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Collins talks stock trades just off the House floor — again

WASHINGTON — Rep. Chris Collins — who is facing an Office of Congressional Ethics investigation into his investment in an obscure Australian biotech firm — walked off the House floor late Wednesday afternoon, cellphone in hand, apparently talking about yet another stock trade involving that same company.

Reporters who overheard him said it appeared he was discussing Innate Immunotherapeutics, the biotech firm in which he's the largest shareholder.

Innate's stock price has collapsed in recent weeks in the wake of its announcement that its highly touted treatment for multiple sclerosis proved to be ineffective in clinical trials, and Collins appeared to be involved in a conversation about someone possibly taking part in that stock sell-off.

"Come hell or high water you will have $200,000," Collins was heard to say, according to one witness who said it appeared the Clarence Republican was discussing someone selling 5 million Innate shares at about 4 cents a share, its trading level in over-the-counter trading in this country late Wednesday.

That witness said it appeared that Collins and whomever he was speaking with were having trouble finding an American broker willing to handle a trade of Innate stock, which was worth 57 cents a share before its bad-news announcement on June 27.

“If we can find a broker in Australia,” Collins was heard to say.

Stock Collins bought and touted collapses after drug trial failure

Matt Laslo, a veteran Capitol Hill reporter who has written stories for Rolling Stone, The Atlantic, The Daily Beast and other publications, also overheard Collins' phone conversation.

"Rep. Chris Collins is on the phone off the House floor — surrounded by reporters — discussing stock trades," Laslo said in a tweet.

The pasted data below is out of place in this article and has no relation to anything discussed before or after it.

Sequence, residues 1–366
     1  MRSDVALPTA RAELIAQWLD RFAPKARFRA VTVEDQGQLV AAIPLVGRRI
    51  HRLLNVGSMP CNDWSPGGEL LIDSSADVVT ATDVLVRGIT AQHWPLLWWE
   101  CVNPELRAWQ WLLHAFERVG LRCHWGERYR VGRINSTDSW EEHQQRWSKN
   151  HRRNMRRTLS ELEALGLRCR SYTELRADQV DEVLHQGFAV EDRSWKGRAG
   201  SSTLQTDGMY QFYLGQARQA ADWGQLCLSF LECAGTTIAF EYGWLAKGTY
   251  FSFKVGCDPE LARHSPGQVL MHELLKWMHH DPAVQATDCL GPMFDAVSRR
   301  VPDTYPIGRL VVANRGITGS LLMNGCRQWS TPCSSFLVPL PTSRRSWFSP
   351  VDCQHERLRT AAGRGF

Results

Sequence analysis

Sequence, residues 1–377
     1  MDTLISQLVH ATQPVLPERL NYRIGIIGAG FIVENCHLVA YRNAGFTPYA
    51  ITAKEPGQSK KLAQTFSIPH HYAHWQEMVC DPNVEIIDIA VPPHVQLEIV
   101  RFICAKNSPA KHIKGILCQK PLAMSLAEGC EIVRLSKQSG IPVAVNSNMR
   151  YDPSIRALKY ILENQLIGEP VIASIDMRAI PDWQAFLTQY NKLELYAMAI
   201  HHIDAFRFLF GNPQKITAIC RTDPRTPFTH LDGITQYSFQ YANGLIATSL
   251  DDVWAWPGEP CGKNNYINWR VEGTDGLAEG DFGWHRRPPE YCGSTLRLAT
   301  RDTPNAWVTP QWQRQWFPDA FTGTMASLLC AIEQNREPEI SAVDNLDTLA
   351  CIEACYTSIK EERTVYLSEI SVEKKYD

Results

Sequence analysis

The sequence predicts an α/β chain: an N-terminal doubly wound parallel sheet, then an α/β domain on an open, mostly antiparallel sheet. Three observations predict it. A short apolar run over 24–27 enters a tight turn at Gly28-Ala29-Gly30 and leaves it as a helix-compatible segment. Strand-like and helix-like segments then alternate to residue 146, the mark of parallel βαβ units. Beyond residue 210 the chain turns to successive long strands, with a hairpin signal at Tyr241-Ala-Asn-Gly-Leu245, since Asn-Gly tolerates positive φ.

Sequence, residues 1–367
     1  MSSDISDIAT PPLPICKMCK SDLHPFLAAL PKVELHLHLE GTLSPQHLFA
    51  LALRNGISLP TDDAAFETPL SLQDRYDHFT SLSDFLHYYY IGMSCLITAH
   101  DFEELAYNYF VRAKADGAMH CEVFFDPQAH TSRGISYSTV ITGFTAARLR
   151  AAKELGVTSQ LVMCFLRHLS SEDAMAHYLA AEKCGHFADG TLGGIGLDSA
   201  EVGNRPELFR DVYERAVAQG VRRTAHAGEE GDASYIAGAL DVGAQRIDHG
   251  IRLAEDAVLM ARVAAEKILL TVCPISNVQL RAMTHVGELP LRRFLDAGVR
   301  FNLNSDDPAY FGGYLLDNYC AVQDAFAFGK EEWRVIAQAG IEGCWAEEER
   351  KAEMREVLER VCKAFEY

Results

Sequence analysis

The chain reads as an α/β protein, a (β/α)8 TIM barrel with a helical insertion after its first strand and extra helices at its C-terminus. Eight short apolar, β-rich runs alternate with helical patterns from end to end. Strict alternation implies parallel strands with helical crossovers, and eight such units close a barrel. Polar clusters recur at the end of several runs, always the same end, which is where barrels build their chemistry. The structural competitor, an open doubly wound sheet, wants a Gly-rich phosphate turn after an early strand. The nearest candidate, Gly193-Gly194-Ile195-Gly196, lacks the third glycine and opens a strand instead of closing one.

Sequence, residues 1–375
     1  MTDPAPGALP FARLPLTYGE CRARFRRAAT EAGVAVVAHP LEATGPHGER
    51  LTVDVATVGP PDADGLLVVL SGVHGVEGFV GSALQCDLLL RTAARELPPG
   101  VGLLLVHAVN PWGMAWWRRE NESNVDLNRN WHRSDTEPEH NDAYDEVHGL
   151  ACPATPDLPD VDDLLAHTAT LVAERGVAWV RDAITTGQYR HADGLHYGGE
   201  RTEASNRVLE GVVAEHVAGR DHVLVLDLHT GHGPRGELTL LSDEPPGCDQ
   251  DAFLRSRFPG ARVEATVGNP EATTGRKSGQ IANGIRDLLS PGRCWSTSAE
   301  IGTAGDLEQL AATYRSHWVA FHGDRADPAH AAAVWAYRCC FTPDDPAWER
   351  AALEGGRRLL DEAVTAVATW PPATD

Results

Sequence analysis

Moments later, Laslo tweeted an observation from Tom LoBianco, a politics reporter at CNN who also overheard Collins discussing a stock trade.

"Doing the people's business," LoBianco quipped.

Laslo later said in a tweet that it was "INSANE" for Collins to be talking stocks in the halls of the Capitol.

Provided with quotes of the conversation as well as Laslo's early tweets, neither Sarah Minkel, Collins' congressional press secretary, nor Christopher M. Grant, his campaign adviser, disputed what happened.

Asked what Collins was trying to do — why he was talking stock trades just off the House floor, and what they would say to those who think such a conversation inappropriate — neither Minkel nor Grant provided answers.

A source close to Collins said that Collins was talking to his son, Cameron Collins, about unloading Innate shares. Cameron Collins and his sister, Caitlin Collins, had also heavily invested in Innate, which the congressman promoted both to Buffalo business leaders and congressional colleagues.

Amid controversy, other House members bought stock Collins touted

This is not the first time that reporters have heard Collins talking about Innate just off the House floor. In early January — when Innate's stock was booming — he was heard talking into his cellphone about "how many millionaires I've made in Buffalo the past few months."

But he also made a lot of trouble for himself.